Female directors are few and far between in Hollywood. However, as long as there are directors like Sophia Coppola and Nora Ephron, a path will be paved for things to change. Hopefully permanently.

Wednesday, February 18, 2009

My Favorite Movies of 2008

Note that these are not in any order. Each of these films have their own merits that need to be dealt with separately. Overall a good year for movies. However, the runaway four for me this year were Slumdog Millionaire, Milk, WALL-E and Revolutionary Road.

Burn After Reading

A hilarious follow-up to No Country for Old Men from the Coens. Both Brad Pitt and John Malkovich turn in hilarious performances making this one of the best comedies of 2008.

Vicky Cristina Barcelona

A bit of a different type of Woody Allen film, yet his presence is still (quite obviously at times) there. Penelope Cruz also is gives her best performance to date. A study on the complexities of love in two different settings--Spain and The US--Vicky Cristina Barcelona is a very sophisticated and entertaining piece of filmmaking.

The Visitor

The movie from nowhere. What a beautiful film that covers so many issues. Immigration, loneliness, the power of music. Richard Jenkins gives a beautifully subdued performance finally earning him the recognition he deserves. Hopefully now he will get more leading roles like he should!

The Dark Knight

The best comic book adaptation ever made. Period. The film ends up being more of a psychological crime-drama in the vein of Heat than anything else. Heath Ledger was nothing short of breath-taking. We will all miss him dearly.

The Wrestler

Darren Aronofsky gets personal...and it's a success. Perhaps one of the most human and realistic stories of the year. The film is only improved upon with Mickey Rourke's portrayal of a broken-down man, who goes down a road of loss that only celluloid has the ability to capture.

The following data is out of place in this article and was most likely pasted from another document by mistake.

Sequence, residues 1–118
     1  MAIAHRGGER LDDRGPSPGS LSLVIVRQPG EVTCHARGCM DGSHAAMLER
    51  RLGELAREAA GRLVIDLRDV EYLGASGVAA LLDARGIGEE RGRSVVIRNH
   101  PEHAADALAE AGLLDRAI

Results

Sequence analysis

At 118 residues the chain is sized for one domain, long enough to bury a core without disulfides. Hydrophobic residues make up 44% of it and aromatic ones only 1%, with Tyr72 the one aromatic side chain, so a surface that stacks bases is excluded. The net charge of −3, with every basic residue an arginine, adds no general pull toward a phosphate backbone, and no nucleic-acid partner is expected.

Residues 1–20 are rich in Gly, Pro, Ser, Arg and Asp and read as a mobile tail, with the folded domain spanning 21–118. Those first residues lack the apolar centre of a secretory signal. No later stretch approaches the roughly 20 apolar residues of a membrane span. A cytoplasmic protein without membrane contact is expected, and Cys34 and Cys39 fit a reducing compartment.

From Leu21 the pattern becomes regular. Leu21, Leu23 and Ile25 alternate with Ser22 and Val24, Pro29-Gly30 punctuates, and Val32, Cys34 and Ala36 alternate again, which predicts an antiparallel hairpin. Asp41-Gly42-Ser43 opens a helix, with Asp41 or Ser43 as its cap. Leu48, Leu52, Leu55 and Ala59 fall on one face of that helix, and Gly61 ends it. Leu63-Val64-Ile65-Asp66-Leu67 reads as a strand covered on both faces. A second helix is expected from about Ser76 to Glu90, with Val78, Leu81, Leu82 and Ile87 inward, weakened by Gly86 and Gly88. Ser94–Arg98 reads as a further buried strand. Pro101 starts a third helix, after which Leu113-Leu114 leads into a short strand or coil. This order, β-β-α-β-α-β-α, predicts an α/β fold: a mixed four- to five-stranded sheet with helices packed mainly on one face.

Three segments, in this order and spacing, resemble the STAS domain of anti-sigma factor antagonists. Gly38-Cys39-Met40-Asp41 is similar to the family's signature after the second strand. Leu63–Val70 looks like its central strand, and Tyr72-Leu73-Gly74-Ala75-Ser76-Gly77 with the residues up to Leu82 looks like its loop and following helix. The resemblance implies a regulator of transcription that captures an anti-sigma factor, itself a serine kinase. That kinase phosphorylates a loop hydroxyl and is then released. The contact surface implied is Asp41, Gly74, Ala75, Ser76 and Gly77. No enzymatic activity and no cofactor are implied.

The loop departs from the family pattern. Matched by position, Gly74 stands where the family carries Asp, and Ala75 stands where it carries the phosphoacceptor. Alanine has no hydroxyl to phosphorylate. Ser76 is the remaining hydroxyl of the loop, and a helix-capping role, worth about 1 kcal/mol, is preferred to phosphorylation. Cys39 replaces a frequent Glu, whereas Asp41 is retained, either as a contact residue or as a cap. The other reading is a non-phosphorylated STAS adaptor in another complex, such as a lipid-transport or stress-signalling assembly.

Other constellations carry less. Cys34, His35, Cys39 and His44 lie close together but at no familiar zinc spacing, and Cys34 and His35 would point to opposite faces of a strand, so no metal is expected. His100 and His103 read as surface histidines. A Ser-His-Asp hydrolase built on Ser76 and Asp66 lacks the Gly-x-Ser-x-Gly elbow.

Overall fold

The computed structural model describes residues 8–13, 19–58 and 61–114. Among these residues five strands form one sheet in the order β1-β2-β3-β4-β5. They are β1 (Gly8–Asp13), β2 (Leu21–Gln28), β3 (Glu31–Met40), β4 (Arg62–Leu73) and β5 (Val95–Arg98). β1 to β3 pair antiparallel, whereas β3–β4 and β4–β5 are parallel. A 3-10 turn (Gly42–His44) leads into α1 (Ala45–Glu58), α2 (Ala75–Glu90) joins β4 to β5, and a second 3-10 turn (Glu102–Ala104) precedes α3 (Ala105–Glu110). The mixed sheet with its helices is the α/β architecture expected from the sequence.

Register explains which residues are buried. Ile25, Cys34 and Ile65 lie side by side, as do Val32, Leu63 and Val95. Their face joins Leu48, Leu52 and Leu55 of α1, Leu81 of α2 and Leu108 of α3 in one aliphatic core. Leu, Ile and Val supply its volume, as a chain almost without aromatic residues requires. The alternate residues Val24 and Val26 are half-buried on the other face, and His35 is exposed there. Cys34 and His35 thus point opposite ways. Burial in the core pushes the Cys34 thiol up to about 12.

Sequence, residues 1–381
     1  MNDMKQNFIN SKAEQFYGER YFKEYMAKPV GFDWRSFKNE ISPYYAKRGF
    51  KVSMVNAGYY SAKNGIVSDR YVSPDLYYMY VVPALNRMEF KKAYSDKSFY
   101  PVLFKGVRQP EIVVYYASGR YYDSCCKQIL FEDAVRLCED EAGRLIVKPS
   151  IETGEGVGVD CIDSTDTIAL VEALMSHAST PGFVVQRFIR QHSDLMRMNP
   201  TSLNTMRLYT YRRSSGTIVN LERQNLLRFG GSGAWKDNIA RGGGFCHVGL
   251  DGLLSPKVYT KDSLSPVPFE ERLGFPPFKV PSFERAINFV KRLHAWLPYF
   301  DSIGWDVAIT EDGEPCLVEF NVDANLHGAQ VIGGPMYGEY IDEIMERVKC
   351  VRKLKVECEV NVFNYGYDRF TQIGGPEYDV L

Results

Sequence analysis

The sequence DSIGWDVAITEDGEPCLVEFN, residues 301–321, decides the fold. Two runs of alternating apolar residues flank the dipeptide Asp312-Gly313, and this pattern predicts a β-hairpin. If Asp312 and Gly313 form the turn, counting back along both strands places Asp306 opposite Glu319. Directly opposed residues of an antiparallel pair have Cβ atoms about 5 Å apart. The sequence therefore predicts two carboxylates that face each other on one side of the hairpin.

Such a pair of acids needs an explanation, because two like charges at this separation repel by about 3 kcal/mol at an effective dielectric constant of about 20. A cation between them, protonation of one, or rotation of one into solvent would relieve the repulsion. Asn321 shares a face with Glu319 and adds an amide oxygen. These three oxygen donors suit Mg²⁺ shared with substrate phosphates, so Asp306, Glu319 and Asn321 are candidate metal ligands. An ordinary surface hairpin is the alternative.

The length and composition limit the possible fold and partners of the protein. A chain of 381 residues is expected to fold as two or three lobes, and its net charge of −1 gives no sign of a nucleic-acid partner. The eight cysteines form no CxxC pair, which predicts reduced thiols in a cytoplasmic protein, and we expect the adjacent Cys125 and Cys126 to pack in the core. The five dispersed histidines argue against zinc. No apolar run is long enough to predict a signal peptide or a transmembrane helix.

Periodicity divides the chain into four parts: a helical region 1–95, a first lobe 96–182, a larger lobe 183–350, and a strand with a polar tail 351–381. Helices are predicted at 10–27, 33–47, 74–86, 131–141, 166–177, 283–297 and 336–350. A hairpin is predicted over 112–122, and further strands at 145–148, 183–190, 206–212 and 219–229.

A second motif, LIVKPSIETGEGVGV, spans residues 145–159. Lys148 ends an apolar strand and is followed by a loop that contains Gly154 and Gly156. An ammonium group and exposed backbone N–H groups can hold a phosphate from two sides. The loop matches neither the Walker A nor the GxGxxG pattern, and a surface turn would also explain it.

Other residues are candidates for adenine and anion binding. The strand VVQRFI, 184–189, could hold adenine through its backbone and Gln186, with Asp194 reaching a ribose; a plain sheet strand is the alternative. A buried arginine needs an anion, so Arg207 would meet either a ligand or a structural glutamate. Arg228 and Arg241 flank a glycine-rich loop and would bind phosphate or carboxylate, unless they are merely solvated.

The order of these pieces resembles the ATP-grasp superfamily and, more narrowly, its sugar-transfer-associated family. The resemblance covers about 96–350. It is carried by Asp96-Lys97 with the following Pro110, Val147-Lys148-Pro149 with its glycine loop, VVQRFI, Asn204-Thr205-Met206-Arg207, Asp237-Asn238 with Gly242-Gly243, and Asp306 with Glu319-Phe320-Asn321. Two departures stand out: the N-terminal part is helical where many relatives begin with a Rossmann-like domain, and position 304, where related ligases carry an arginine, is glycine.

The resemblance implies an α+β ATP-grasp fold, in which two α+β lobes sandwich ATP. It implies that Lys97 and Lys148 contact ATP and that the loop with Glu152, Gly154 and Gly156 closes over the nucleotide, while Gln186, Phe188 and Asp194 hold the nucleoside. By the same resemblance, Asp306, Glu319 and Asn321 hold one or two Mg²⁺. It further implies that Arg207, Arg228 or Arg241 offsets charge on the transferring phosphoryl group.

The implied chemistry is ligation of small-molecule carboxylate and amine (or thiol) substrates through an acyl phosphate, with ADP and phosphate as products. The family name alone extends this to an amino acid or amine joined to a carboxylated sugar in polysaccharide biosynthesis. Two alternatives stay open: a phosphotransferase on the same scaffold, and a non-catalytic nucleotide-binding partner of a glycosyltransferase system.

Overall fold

The Curious Case of Benjamin Button

A beautiful study of aging and all that goes along with it, including death, love, and loss. This movie will be remembered for years to come, not only for it's innovative use of technology, but for it's deeply potent story as well.


Perhaps one of the most socially important family-oriented films ever made. The film's strong point lies in it's writing, in which it's critique on contemporary society is beautifully woven into one of the sweetest love stories of the decade.

Revolutionary Road

A sharply written, painful, yet altogether beautiful commentary on the complexities of marriage. The simplicity of the story is what makes this film so powerful. Sam Mendes lets the camera quietly capture both Leonardo DiCaprio and Kate Winslet's best performances to date. A film that sticks with you for days after you leave the theatre.


Released in the wake of the passage of Proposition 8, Milk is one of the boldest, and most important films to be made in years. Sean Penn plays Harvey Milk with such ease that he disappears into the character. Strong acting across the board makes this the best acted film of the year. A extremely devastating drama about the power one person can have to change the world around him.

Slumdog Millionaire

The stand-up-and-cheer movie of the year. My favorite film of the year. See my last post to read what I really think about this one.

Have yet to see: Frost/Nixon or Waltz with Bashir...both of which seem pretty promising